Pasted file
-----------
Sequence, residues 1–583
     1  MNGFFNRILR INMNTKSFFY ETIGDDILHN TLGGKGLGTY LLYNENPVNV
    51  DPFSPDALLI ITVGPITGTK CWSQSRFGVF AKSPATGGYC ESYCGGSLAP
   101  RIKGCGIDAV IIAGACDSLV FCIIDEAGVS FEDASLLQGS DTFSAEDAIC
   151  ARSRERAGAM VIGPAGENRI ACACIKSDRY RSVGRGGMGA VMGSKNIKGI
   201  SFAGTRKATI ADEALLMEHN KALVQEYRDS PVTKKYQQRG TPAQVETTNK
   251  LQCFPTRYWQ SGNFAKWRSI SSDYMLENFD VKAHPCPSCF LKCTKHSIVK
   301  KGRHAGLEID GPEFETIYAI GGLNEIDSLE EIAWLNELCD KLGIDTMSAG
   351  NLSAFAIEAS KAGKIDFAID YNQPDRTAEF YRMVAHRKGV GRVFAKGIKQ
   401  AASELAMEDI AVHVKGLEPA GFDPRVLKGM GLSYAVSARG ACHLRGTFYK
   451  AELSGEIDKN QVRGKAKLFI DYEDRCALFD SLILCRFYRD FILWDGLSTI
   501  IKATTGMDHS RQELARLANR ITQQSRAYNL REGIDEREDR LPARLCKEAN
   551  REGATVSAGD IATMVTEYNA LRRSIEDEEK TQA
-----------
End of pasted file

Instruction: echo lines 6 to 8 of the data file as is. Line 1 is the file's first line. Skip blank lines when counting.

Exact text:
   201  SFAGTRKATI ADEALLMEHN KALVQEYRDS PVTKKYQQRG TPAQVETTNK
   251  LQCFPTRYWQ SGNFAKWRSI SSDYMLENFD VKAHPCPSCF LKCTKHSIVK
   301  KGRHAGLEID GPEFETIYAI GGLNEIDSLE EIAWLNELCD KLGIDTMSAG